It may or may not be more blessed to give than to receive, but at an outdoor art show this weekend the Laurel Art Guild and the Laurel Shopping Center Merchants' Association will do what they consider the best of both.

The Saturday show in the mall area of the Laurel Shopping Center, Route 1, Laurel, marks the sixth year of partnership between the two groups. For the merchants, the show involves both financial and logistical support. Their association provides the space, pegboards for display and prizes in 10 categories - five for adults and five for children - plus fees for the show judges. The association also gives the event free publicity in its monthly circular that is mailed to 87,000 homes in the greater Laurel area.

The show, which is held bi-annually, means a lot of work for the Laurel Art Guild. The guild handles all the arrangements for the show, including registration, hanging, judging and publicity among the art community and its supporters.

What is given is obvious. What is received is less apparent, particularly when both merchants and artists agree that sales on the day of the show are not a significant factor.

"Saleswise, we never do very well on the day of the show," said Carol Bierwagen, President of the Laurel Art Guild. "A lot of the sales come after - after the exposure." People frequently take down the name and telephone number of an artist whose work interets them and after thinking for days - or even weeks - call about a painting, explained Bierwagen.

"Things like that (the art show) bring people to the center, and anything that brings people to the center can't be wrong," said Joe Shreiber, who with his father-in-law owns Bernard's, a men's store on the mall. "I don't think we get business on the same day, but our windows are our best advertising, so people come back anyway."

In addition to the more immediate economic benefits derived from the art show both groups speak of the importance of community involvement.

"The Merchants Association has to look at the show as a two-way street," said Dick Bromley, owner and operator of Suburban Sports and Hobbies, a leisure activities shop in the shopping center. "Most of the people displaying are our customers. They're in our community, our service organizations. It's a situation where everybody helps each other."

For the guild, the show is a useful part of its program to develop children's art. Both the prizes and the minimal requirements for entry - children, unlike adult participants, can bring their works unframed and unmatted - encourage young artists to enter the show, said Bierwagen.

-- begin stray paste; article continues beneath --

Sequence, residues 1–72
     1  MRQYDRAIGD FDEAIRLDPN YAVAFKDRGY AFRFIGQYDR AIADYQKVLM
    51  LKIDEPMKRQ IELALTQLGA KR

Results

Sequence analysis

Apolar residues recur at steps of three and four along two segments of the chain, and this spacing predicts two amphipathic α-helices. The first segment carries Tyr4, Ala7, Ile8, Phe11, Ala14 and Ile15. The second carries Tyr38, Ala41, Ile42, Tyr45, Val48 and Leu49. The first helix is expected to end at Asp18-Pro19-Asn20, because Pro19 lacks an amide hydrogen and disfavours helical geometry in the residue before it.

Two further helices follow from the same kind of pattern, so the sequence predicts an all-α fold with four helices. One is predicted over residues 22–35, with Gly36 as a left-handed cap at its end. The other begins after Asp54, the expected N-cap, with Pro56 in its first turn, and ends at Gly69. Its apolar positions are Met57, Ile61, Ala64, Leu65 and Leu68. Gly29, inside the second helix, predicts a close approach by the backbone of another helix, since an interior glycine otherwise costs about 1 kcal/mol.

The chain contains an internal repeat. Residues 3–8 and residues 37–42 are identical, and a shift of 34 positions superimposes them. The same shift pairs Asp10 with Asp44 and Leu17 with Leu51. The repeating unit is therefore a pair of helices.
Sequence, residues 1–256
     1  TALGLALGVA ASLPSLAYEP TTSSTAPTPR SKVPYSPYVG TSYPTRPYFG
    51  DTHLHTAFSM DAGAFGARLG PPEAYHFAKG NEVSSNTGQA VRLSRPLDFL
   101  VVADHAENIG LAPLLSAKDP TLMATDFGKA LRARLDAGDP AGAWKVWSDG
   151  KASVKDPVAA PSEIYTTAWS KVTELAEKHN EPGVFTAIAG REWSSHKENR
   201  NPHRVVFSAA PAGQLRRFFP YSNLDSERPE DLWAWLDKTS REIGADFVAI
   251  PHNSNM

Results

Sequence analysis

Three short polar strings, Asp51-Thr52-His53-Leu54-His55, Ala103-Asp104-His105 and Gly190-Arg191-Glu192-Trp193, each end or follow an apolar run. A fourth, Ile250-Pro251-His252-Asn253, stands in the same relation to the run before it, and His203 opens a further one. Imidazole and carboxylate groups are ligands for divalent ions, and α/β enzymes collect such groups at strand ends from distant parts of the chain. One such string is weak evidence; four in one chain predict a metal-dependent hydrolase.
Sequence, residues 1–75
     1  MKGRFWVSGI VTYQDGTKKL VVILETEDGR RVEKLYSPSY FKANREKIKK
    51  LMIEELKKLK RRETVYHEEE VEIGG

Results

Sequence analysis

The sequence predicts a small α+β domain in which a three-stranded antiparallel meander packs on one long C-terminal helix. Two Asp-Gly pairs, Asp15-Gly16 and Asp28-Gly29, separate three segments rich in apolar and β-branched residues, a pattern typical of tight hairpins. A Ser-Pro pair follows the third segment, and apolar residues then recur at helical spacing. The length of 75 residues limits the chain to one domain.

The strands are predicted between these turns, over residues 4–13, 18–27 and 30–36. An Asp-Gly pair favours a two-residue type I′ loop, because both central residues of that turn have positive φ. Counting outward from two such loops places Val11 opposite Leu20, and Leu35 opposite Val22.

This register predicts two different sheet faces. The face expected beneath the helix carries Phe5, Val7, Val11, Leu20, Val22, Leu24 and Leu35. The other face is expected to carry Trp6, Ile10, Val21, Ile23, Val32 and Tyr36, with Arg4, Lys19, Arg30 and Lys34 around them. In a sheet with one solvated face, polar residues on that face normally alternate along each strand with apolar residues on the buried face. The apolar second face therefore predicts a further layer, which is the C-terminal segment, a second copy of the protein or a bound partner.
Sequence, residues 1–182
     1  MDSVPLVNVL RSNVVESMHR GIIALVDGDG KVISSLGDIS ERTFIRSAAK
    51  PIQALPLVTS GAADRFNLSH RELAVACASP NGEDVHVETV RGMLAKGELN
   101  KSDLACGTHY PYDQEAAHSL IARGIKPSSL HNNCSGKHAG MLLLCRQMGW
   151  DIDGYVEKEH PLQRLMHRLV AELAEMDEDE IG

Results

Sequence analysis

Community involvement has been a part of the Guild from its beginnings 11 years ago, continued Bierwagen. It was the practical need for a place to show that sent Guild members out into the community, she said. They went to medical offices, small businesses, banks, the library and the shopping center looking for free exhibition space.

"Everything we do is geared with community interests in mind," said Bierwagen. "We give a lot back to the community."

Every year the guild gives a prize for excellence in art to a senior at Laurel High School and Palloti High school, a private school in the area. Guild members volunteer as judges in local art shows. In early May, for example, the guild took on the formidable task of judging all the art work done during the school year by students at Oakland Elementary School.

Last year, members helped with the restoration of an old carousel purchased by the county for Watkins regional Park in Largo by painting eight new scenic panels. Recently, the guild gave some paintins to the new Greater Laurel-Beltsville Hospital.

For more than four years the Laurel Art Guild has been the driving force in an effort to create a Montpelier Barn Arts Center on the grounds of the historic Montpelier mansion in Laurel. County funds were allocated for restoration of the original barn, but fire destroyed the structure in 1976. Undaunted, the Laurel Art Guild is now appealing to the county to allocate the additional funds that a new structure will require.

When Bierwagen set off in April to testify at a Prince George's County budget hearing, she exhorted members to join her with an appeal that read like the Laurel Art Guild's unwritten charter: "Don't rest your laurels or whatever you call it," wrote Bierwagen. "Get involved."